The Company

Recent Performances

End without Days

The Company

Now based in London, Stephen Pelton Dance Theatre was formed in San Francisco in 1993. It is the company’s mission to tell inspiring, human stories through narrative, emotionally-driven dance and theatre.

The company’s work pulls movement and imagery out of the real world and combines it with virtuoso dancing to create dances that resonate on levels both abstract and personal. It is this vision of dance as a medium through which to illuminate visceral, human truths that drives the company’s work in both the theatre and the studio.

The company is currently in preparation for the world premiere of End without Days, a full-length duet for dancers Freya Jeffs and Edd Mitton. End without Days will premiere at Dance Base as part of the Edinburgh Festival Fringe 5-21 August.

Hurdy Gurdy Man

Stephen Pelton in The Hurdy-gurdy Man © Andy Mogg

“Stephen Pelton is the genuine article: a natural choreographer who combines rigor and lyricism. His work reeks of the things he knows and feels; it has weight and temperature.”

Village Voice

Stephen Pelton Dance Theatre

(L-R) Christy Funsch, Private Freeman and Erin Mei-Ling Stuart in Tuesday © Austin Forbord

Stephen Pelton Dance Theatre’s work has been performed throughout the US as well as in London, Paris, Edinburgh, Amsterdam and Berlin. In San Francisco, the company won a Cable Car Award for Waltzes for the Dayroom and was nominated three times for the Isadora Duncan Awards, including a nomination for Best Choreography for and a white light in the back of my mind to guide me in 2010. The company has created several works in collaboration with playwright Brian Thorstenson including Sugarfoot Stomp and Tuesday—a play for dancers. Pelton’s solo works The Hurdy-gurdy Man and A Hundred Miles have each been presented at Dance Base in Edinburgh during the Fringe.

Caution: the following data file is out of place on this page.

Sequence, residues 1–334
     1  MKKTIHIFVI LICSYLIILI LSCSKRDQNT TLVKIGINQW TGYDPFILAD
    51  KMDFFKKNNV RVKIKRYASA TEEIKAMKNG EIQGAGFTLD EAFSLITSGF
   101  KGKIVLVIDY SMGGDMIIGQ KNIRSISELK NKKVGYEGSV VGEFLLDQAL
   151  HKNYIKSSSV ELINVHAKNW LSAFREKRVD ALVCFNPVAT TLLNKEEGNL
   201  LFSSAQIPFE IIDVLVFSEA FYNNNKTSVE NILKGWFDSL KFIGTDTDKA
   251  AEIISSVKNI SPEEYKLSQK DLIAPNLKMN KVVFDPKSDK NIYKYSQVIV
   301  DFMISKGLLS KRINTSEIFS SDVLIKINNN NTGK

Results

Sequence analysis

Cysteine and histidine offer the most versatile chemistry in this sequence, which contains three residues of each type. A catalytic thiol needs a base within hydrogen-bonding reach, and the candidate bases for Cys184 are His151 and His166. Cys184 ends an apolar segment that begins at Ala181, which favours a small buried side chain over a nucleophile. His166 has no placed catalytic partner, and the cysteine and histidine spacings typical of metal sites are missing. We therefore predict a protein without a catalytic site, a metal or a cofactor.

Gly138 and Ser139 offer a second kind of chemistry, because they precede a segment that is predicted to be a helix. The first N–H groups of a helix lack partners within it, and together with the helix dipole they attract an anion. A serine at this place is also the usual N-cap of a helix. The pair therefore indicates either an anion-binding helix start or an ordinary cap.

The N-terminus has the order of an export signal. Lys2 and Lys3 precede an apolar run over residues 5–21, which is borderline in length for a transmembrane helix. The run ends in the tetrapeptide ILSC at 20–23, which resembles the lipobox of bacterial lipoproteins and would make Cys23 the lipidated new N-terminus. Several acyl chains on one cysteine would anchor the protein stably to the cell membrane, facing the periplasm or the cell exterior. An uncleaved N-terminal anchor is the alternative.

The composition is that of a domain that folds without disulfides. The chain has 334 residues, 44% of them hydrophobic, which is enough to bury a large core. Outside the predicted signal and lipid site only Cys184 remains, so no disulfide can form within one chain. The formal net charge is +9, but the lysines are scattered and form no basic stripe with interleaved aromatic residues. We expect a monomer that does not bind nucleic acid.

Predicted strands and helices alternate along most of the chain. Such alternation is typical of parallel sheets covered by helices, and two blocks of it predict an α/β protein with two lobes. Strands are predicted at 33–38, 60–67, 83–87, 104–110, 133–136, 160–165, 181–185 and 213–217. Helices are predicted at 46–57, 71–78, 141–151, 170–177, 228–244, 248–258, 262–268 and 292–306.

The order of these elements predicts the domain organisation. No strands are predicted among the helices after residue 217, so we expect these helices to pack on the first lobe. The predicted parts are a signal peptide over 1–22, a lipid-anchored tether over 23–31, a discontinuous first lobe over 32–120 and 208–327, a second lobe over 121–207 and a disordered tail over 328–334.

“Stephen Pelton’s full-bodied and thoughtfully structured choreography fits his dancers like second skins. He is a storyteller in the manner of poets who suggest, evoke and analogize.”

San Francisco Bay Guardian

Previous work includes if you want to see me once more (2017), commissioned by DanceLive Aberdeen; Lauda Adrianna (2015), created in association with the Gavin Bryars Ensemble; and a white light in the back of my mind to guide me (2010); A Hundred Miles (2007), premiered at Dance Base, Edinburgh Festival Fringe; Tuesday—a play for dancers (2006), with playwright Brian Thorstenson; If Tomorrow Wasn’t Such a Long Time (2006); September for Sale (2004): The Hurdy-gurdy Man (1999); America Songbook (1997); Waltzes For The Dayroom (1996)

Stephen Pelton Dance Theatre

(L-R) Nol Simonse and Chad Dawson in Lauda Adrianna © Wolfram Oelte

Stephen Pelton Dance Theatre

Freya Jeffs in Lauda Adrianna 

“In Lauda Adrianna Pelton has crafted a breathtaking, powerful and moving piece of contemporary dance. By far one of the best works offered this season.”




Stephen Pelton © Mat Hale

As an internationally respected teacher of Limon-inspired dance technique, Pelton teaches students and professionals at Sadler’s Wells, Rambert, Goteborg Ballet, Ballet Preljocaj, Rotterdam Dance Academy, Tanz Fabrik/Berlin, Dance Base/Edinburgh, Central School of Ballet, Laban & The Place in London.

Raised in the Limon tradition, Stephen’s classes move from Limon’s swing, fall and rebound fundamentals to ballet placement exercises to combinations exploring his own lyrical and idiosyncratic movement style.  Each day’s class material accumulates into a final sequence that reinforces principles from within the class. Pelton’s goal as a teacher is to challenge and inspire each student, whatever their level of expertise, through direct feedback and supportive encouragement. Movement dynamics, musicality and a passionate use of space are essential qualities of Pelton’s classes. As is his insistence on using humour to break through our inhibitions, unify the group and find new dimensions in our dancing.

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“While the choreographers were taking their bows, my neighbour in the audience whispered, ‘That Stephen Pelton — he’s a dancer’s choreographer.’ If I were Pelton, I’d take it as a compliment. Indeed, Pelton’s dances are full of delicious movement at once lyrical and spasmodic and rife with phrasing experimentation. The dancing was so exciting, strong, and meticulous that I just sat back and grinned at the superheroes onstage, thrashing, bounding, commanding, and riding the wave of movement.”

San Francisco Bay Guardian